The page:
Another day, another Spanish idiom

Yesterday I came across an interesting article on El País about the founding of the Real Academia Española, one of my favorite institutions. The article relates, with a lamentable lack of detail, how a group of eight Spaniards began meeting in 1713 to create the first Spanish dictionary. Three other colleagues soon joined the project, it received royal sanction the following year, and the rest is (linguistic) history. Missing from the article are the founders’ identities (besides the Marqués de Villena) and backgrounds (more nobility? writers? scholars?). Still, it’s an inspiring tale.

As usual, I read the article with an eye out for unfamiliar vocabulary. All I encountered was a novel (to me) expression: the author compares the RAE’s founding to cuatro gatos [que] se lanzaban al abismo (“four cats who jumped into an abyss”). Lanzarse al abismo was clearly a metaphor for starting a venture into the unknown. Cuatro gatos, on the other hand, seemed purely idiomatic.

Thanks to an appeal to the friendly folks on the Spanish-English vocabulary forum, and a Google search that yielded similar results, I learned that cuatro colloquially refers to a small quantity (in English we’d say “a handful”) and gato can be slang for “person”. ( itself gives a slang interpretation of gato as “person from Madrid”, but the usage seems to be more general.) So the mystery sentence boiled down to “a small group of people started an uncertain venture”.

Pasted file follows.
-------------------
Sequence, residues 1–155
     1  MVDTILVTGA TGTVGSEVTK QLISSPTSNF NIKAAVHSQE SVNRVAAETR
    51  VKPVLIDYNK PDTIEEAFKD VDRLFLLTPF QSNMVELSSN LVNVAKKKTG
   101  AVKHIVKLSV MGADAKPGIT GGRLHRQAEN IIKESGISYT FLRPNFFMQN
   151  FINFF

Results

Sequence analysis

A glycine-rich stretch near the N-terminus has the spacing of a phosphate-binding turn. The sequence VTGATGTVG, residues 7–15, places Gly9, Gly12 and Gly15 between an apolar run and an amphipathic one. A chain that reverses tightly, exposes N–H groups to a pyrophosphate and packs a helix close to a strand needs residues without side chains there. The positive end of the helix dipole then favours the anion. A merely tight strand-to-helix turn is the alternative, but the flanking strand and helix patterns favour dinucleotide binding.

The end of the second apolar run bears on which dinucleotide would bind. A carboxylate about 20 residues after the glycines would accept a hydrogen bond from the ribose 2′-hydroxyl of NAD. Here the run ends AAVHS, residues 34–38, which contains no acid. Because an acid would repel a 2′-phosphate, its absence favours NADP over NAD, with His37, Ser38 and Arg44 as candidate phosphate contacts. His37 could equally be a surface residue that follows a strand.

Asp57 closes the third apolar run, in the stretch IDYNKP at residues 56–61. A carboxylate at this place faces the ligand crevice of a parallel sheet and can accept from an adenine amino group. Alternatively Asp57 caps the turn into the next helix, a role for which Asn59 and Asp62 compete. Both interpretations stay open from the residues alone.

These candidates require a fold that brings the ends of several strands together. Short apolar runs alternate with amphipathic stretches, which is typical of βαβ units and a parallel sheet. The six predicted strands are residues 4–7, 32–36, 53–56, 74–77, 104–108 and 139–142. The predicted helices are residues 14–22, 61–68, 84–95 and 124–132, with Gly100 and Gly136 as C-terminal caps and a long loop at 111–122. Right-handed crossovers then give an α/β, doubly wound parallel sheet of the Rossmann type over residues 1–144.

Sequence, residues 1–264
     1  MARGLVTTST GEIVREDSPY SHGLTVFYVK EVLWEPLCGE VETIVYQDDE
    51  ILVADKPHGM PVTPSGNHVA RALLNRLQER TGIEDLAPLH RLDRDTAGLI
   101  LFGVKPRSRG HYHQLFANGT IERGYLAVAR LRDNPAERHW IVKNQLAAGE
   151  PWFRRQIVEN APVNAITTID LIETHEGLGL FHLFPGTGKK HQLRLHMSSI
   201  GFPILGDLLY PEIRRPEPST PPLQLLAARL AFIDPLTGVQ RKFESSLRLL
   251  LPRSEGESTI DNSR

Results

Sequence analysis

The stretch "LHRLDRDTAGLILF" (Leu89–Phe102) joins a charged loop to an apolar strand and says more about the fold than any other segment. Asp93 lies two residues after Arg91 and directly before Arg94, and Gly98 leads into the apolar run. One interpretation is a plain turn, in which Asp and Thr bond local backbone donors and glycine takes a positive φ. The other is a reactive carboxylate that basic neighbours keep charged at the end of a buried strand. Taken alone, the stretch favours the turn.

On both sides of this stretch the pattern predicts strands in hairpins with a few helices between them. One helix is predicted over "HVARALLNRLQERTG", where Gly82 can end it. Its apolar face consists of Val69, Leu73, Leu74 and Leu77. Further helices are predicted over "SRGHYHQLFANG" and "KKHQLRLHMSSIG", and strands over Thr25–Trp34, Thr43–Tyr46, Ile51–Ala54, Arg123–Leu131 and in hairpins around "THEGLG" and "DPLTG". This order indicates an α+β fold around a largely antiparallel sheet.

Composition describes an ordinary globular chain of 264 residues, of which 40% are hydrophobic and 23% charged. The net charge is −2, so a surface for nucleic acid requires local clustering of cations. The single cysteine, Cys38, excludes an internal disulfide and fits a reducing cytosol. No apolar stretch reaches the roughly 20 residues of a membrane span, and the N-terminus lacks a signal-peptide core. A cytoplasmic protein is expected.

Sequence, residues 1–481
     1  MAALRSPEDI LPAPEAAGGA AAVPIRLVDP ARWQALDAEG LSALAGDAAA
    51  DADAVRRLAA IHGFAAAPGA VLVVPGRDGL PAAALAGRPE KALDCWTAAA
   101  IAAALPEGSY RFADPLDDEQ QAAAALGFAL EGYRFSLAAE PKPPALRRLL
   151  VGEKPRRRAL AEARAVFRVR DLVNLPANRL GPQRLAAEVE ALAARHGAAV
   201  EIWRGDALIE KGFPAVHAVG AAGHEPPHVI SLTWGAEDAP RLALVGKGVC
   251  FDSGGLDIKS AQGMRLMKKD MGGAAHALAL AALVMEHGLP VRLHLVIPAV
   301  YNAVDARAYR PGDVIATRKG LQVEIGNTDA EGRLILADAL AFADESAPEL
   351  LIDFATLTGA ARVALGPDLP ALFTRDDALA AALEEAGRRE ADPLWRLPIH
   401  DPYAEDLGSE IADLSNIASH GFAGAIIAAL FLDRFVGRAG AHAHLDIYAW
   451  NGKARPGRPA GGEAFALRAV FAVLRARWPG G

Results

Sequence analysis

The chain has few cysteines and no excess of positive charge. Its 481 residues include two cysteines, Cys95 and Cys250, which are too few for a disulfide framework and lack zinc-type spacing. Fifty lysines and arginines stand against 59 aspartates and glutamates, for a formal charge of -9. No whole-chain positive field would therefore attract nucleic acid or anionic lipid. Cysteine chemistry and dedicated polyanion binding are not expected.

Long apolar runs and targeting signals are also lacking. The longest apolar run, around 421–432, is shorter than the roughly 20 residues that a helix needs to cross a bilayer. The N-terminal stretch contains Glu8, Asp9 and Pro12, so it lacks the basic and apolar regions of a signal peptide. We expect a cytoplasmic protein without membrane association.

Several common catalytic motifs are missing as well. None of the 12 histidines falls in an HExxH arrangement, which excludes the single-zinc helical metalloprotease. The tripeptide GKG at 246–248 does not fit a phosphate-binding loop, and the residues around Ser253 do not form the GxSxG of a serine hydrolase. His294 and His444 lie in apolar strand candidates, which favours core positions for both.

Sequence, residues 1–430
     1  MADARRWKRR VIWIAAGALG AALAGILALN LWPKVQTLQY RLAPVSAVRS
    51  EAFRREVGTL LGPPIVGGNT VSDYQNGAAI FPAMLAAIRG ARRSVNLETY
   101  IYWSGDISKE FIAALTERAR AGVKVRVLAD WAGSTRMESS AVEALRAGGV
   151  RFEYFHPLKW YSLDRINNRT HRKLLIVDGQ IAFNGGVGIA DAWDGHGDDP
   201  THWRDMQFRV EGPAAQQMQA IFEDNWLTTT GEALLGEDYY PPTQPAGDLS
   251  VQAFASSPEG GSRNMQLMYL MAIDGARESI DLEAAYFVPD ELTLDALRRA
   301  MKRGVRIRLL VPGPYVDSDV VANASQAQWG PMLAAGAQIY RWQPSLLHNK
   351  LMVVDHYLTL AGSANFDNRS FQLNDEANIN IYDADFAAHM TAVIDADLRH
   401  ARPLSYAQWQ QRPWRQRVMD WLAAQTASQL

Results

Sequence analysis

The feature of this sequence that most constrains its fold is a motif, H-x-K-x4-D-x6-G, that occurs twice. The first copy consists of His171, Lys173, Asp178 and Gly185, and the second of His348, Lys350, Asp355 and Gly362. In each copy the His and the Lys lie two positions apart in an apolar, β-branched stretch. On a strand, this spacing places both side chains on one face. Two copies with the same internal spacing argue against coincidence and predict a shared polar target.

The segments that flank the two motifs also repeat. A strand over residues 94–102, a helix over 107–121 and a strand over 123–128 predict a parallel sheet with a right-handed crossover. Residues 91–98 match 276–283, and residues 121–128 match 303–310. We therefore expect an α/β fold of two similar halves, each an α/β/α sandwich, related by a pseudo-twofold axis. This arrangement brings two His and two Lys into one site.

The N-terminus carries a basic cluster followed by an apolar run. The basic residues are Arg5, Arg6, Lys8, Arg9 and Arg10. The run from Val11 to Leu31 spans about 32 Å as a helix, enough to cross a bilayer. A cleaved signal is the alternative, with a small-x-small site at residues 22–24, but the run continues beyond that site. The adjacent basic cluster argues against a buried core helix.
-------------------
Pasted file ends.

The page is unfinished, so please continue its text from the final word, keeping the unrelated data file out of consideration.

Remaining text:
I love the parallel between this use of gato and the English slang meaning of cat as “a cool person”. The choice of cuatro to stand for “a handful” is also pleasing. As a rule of thumb, I think of three as “a few” and five as “several”; four is right in between. From a literary perspective it was also rather bold to mix literal numbers (8 and 11 founding members) with the metaphorical number 4.

Still, it’s hard to shake off the image of a cat playing a lemming…



5 thoughts on “Another day, another Spanish idiom

  1. Lucrecia

    In Argentina we also use the phrase “cuatro gatos locos” to refer to “a few random people”. The word gato is used in so many different ways and with so different meanings (even just within Argentina) that it’s so hard to tell what the word can mean in addition to its literal meaning: a cat.

    I also think that we not only use the number “cuatro” but I’m quite sure I’ve heard people say the number “two” more often. The context to use this phrase is: when you’re at a place (probably boring) where there are just a few people and it’s not important. E.g. “Hey, ¿dónde estabas anoche? te estuve llamando” “Nada importante. Fui a una fiesta, pero no estuvo muy buena que digamos.” “Ah, ¿por qué? ¿era poca gente?” “Sí, éramos dos gatos locos nomás. ¡Un embole!” (Embole = boredom [Arg.])

    1. jhochberg Post author

      “Dos gatos locos” — that’s a good one! I’ll have to remember it. Why are all your cats crazy in Argentina? It makes me think of the old Krazy Kat cartoons. Gracias por leer y escribir — Judy

      1. Irene

        Yes, I think it’s more common to say “dos gatos locos” refered to “a few random people” than “four”, like Lucrecia said. I found this looking for the origin of this expression (I use to say it very often) and this is the most accurate article I have found, thank you!


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